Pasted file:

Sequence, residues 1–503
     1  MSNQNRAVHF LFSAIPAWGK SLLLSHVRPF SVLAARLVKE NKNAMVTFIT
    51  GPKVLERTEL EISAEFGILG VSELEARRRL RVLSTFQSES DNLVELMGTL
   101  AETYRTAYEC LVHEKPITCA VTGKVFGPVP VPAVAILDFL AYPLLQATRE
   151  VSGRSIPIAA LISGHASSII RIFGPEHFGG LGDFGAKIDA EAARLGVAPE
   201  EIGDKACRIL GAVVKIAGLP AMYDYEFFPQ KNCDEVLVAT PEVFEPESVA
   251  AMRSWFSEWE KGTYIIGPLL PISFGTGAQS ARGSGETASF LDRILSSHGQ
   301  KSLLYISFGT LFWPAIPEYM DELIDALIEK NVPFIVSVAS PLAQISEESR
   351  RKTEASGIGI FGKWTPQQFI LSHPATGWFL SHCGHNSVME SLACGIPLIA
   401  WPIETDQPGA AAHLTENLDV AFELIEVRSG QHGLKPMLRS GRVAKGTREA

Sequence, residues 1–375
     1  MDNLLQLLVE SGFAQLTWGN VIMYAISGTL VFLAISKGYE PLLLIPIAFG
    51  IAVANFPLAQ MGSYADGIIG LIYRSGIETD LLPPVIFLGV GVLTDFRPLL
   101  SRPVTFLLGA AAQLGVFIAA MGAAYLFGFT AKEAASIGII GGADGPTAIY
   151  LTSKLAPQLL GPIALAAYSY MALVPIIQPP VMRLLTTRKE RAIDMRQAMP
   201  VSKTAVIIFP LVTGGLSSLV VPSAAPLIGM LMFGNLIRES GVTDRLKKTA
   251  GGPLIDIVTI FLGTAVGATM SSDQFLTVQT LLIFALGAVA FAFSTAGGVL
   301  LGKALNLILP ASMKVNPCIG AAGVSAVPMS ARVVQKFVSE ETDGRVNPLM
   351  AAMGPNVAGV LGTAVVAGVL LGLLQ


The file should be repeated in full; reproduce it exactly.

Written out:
Sequence, residues 1–503
     1  MSNQNRAVHF LFSAIPAWGK SLLLSHVRPF SVLAARLVKE NKNAMVTFIT
    51  GPKVLERTEL EISAEFGILG VSELEARRRL RVLSTFQSES DNLVELMGTL
   101  AETYRTAYEC LVHEKPITCA VTGKVFGPVP VPAVAILDFL AYPLLQATRE
   151  VSGRSIPIAA LISGHASSII RIFGPEHFGG LGDFGAKIDA EAARLGVAPE
   201  EIGDKACRIL GAVVKIAGLP AMYDYEFFPQ KNCDEVLVAT PEVFEPESVA
   251  AMRSWFSEWE KGTYIIGPLL PISFGTGAQS ARGSGETASF LDRILSSHGQ
   301  KSLLYISFGT LFWPAIPEYM DELIDALIEK NVPFIVSVAS PLAQISEESR
   351  RKTEASGIGI FGKWTPQQFI LSHPATGWFL SHCGHNSVME SLACGIPLIA
   401  WPIETDQPGA AAHLTENLDV AFELIEVRSG QHGLKPMLRS GRVAKGTREA

Sequence, residues 1–375
     1  MDNLLQLLVE SGFAQLTWGN VIMYAISGTL VFLAISKGYE PLLLIPIAFG
    51  IAVANFPLAQ MGSYADGIIG LIYRSGIETD LLPPVIFLGV GVLTDFRPLL
   101  SRPVTFLLGA AAQLGVFIAA MGAAYLFGFT AKEAASIGII GGADGPTAIY
   151  LTSKLAPQLL GPIALAAYSY MALVPIIQPP VMRLLTTRKE RAIDMRQAMP
   201  VSKTAVIIFP LVTGGLSSLV VPSAAPLIGM LMFGNLIRES GVTDRLKKTA
   251  GGPLIDIVTI FLGTAVGATM SSDQFLTVQT LLIFALGAVA FAFSTAGGVL
   301  LGKALNLILP ASMKVNPCIG AAGVSAVPMS ARVVQKFVSE ETDGRVNPLM
   351  AAMGPNVAGV LGTAVVAGVL LGLLQ